Abstract T P273: Internet-Based Information Seeking Behavior for Transient Ischemic Attack
Background &Purpose: In recent years, Internet became an increasingly important tool for accessing health information and is being used more frequently to promote public health. In this study, we used Google search data to explore information seeking behavior for transient ischemic attack (TIA).
Methods: We selected two groups of keywords related to TIA -“Transient Ischemic Attack” and “Mini Stroke” - after examining several related search keywords. We obtained all available online search data performed in the United States from the Google search engine for a ten year span - January 2004 to December 2013. The monthly and daily search data for the selected keywords were analyzed - using a moving window strategy - to explore the trends, peaks and declining effects.
Results: There were three significant concurrent peaks in the Google search data for the selected keywords. Each peak was directly associated with media coverage and news headlines related to the incident of TIA in a public figure. (Figure 1) Following each event, it took an average of two weeks for the search trend to return to its respective average value. The trend was steady for “Transient Ischemic Attack”; however, the search interest for the keyword “mini stroke” shows a steady increase. The overall search interest for the selected keywords was significantly higher in the southeastern United States.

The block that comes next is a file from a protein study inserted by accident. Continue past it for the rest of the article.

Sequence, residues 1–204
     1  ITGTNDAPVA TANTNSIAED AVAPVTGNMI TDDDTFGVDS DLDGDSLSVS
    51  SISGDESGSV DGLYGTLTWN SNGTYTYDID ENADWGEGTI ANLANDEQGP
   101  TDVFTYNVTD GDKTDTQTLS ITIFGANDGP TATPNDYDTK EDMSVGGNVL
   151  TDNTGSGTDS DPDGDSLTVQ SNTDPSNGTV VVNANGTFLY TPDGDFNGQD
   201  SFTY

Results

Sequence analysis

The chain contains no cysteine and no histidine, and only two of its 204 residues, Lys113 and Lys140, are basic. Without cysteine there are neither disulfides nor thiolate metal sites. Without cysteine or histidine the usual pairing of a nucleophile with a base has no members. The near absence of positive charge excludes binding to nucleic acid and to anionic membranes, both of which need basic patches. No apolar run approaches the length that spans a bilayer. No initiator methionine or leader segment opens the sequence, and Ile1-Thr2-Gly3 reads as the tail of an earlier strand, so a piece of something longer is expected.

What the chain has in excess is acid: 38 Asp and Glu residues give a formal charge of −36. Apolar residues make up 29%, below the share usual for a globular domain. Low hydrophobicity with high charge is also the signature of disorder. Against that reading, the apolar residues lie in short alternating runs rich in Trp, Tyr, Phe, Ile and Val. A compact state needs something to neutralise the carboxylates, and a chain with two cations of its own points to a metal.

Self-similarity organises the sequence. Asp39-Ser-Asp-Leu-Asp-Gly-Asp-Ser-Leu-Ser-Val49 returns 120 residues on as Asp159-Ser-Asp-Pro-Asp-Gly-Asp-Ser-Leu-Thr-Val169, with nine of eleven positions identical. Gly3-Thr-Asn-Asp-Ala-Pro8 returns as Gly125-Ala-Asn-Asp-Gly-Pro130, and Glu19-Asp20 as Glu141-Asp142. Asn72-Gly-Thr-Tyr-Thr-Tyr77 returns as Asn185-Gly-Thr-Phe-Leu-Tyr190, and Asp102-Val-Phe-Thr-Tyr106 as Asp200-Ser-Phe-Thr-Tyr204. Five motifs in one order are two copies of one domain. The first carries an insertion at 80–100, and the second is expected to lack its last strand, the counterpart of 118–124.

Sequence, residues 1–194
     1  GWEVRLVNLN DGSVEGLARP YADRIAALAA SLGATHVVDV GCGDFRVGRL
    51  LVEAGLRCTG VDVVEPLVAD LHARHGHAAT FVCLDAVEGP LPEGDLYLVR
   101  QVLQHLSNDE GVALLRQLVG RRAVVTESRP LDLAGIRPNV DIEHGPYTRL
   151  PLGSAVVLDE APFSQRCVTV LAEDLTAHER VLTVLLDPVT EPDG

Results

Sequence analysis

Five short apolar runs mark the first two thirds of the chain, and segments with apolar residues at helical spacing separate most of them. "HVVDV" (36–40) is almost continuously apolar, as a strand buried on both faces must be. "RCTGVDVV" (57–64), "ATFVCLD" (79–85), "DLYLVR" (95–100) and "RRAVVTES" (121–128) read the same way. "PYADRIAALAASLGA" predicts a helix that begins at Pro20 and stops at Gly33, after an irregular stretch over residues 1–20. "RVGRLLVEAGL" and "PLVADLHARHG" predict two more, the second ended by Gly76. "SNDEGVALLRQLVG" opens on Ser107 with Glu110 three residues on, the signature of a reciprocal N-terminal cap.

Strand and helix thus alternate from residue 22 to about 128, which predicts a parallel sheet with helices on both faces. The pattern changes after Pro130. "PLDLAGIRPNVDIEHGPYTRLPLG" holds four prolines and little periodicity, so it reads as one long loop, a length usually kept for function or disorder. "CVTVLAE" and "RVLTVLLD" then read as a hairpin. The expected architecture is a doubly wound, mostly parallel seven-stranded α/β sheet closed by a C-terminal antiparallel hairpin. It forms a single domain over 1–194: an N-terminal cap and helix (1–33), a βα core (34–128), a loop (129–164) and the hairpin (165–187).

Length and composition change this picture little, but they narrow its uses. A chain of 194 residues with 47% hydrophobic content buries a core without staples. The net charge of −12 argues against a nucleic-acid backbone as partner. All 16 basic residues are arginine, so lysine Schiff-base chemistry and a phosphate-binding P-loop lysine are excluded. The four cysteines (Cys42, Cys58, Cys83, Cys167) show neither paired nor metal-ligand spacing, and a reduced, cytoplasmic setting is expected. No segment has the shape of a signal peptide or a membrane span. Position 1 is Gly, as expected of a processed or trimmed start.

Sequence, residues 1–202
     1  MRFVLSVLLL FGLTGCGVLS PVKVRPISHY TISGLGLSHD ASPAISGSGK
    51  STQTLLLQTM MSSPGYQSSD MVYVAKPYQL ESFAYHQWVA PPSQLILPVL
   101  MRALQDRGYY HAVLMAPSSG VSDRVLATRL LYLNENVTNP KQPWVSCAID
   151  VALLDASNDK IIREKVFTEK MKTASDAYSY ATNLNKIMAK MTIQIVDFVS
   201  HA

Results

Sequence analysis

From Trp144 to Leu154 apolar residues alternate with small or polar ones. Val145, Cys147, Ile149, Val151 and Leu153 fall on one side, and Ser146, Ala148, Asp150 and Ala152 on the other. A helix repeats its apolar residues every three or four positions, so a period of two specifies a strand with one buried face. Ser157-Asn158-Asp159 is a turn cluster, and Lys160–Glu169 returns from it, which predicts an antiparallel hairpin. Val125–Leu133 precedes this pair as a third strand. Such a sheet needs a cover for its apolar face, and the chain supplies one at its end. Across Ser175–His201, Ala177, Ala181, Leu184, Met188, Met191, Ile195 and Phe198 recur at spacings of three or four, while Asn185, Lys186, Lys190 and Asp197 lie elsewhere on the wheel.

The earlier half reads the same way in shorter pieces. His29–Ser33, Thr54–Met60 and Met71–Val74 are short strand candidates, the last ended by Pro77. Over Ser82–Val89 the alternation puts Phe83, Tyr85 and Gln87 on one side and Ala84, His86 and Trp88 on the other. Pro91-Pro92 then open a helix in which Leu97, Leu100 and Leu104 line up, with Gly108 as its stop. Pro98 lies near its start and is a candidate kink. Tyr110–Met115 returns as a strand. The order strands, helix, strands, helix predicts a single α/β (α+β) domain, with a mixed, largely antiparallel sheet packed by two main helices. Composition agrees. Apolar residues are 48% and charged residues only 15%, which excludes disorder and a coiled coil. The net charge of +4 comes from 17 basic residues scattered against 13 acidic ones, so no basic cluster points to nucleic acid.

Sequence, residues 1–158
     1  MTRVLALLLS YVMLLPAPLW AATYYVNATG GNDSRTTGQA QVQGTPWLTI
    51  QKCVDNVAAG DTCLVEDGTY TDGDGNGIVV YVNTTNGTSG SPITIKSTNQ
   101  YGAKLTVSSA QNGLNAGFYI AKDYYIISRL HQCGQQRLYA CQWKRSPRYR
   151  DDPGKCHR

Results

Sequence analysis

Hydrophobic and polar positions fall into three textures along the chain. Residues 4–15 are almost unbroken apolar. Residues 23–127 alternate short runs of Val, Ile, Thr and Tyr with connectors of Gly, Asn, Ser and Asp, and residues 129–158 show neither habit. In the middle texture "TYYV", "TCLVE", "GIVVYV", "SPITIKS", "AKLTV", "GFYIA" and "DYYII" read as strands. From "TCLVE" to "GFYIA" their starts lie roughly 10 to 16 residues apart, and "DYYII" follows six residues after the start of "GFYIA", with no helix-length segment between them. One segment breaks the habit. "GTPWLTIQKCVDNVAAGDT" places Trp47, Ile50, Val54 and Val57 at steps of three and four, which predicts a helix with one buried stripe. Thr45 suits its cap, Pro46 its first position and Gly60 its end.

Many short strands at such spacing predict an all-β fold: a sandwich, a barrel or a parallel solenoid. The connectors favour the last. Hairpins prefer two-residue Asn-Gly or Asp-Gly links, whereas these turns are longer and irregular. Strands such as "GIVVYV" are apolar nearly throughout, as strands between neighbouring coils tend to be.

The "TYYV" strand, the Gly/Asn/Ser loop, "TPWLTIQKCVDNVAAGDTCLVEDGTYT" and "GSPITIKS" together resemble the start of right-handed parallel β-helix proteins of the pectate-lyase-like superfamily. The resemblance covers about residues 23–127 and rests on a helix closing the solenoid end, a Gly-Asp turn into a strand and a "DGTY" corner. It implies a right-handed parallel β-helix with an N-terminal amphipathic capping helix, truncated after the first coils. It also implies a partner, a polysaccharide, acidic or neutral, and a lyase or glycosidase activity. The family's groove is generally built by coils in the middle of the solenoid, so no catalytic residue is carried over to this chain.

Conclusions: Our study shows that changes in online search behavior can be associated with media coverage of key events (in our case TIA) in public figures. These findings suggest that online health promotion campaigns might be more effective if increased promptly after similar media coverage.
Author Disclosures: V. Abedi: None. M. Mbaye: None. G. Tsivgoulis: None. S. Male: None. N. Goyal: None. A. Alexandrov: None. R. Zand: None.
- © 2015 by American Heart Association, Inc.